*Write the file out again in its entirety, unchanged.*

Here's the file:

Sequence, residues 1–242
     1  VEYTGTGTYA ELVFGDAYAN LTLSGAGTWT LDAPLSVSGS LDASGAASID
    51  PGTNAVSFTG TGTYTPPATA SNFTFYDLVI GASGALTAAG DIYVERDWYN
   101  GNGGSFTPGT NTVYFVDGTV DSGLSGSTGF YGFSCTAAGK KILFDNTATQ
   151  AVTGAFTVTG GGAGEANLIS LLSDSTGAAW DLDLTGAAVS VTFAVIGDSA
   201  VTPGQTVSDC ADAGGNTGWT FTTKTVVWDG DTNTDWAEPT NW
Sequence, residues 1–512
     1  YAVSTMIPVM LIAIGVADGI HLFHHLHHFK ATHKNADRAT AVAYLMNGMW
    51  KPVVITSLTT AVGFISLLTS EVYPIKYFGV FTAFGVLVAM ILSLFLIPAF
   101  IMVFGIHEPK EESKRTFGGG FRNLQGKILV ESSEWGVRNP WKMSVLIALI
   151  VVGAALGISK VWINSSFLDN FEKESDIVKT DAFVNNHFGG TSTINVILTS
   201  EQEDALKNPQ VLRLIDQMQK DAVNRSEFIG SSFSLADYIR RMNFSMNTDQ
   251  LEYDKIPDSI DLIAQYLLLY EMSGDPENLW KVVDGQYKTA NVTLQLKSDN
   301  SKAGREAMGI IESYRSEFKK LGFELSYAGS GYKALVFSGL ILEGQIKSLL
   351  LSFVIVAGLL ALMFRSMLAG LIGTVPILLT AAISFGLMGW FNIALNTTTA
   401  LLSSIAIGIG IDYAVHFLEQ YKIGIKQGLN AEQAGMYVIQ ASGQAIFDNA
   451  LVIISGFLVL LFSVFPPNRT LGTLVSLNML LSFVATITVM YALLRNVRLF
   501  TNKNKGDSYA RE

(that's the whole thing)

Sequence, residues 1–242
     1  VEYTGTGTYA ELVFGDAYAN LTLSGAGTWT LDAPLSVSGS LDASGAASID
    51  PGTNAVSFTG TGTYTPPATA SNFTFYDLVI GASGALTAAG DIYVERDWYN
   101  GNGGSFTPGT NTVYFVDGTV DSGLSGSTGF YGFSCTAAGK KILFDNTATQ
   151  AVTGAFTVTG GGAGEANLIS LLSDSTGAAW DLDLTGAAVS VTFAVIGDSA
   201  VTPGQTVSDC ADAGGNTGWT FTTKTVVWDG DTNTDWAEPT NW
Sequence, residues 1–512
     1  YAVSTMIPVM LIAIGVADGI HLFHHLHHFK ATHKNADRAT AVAYLMNGMW
    51  KPVVITSLTT AVGFISLLTS EVYPIKYFGV FTAFGVLVAM ILSLFLIPAF
   101  IMVFGIHEPK EESKRTFGGG FRNLQGKILV ESSEWGVRNP WKMSVLIALI
   151  VVGAALGISK VWINSSFLDN FEKESDIVKT DAFVNNHFGG TSTINVILTS
   201  EQEDALKNPQ VLRLIDQMQK DAVNRSEFIG SSFSLADYIR RMNFSMNTDQ
   251  LEYDKIPDSI DLIAQYLLLY EMSGDPENLW KVVDGQYKTA NVTLQLKSDN
   301  SKAGREAMGI IESYRSEFKK LGFELSYAGS GYKALVFSGL ILEGQIKSLL
   351  LSFVIVAGLL ALMFRSMLAG LIGTVPILLT AAISFGLMGW FNIALNTTTA
   401  LLSSIAIGIG IDYAVHFLEQ YKIGIKQGLN AEQAGMYVIQ ASGQAIFDNA
   451  LVIISGFLVL LFSVFPPNRT LGTLVSLNML LSFVATITVM YALLRNVRLF
   501  TNKNKGDSYA RE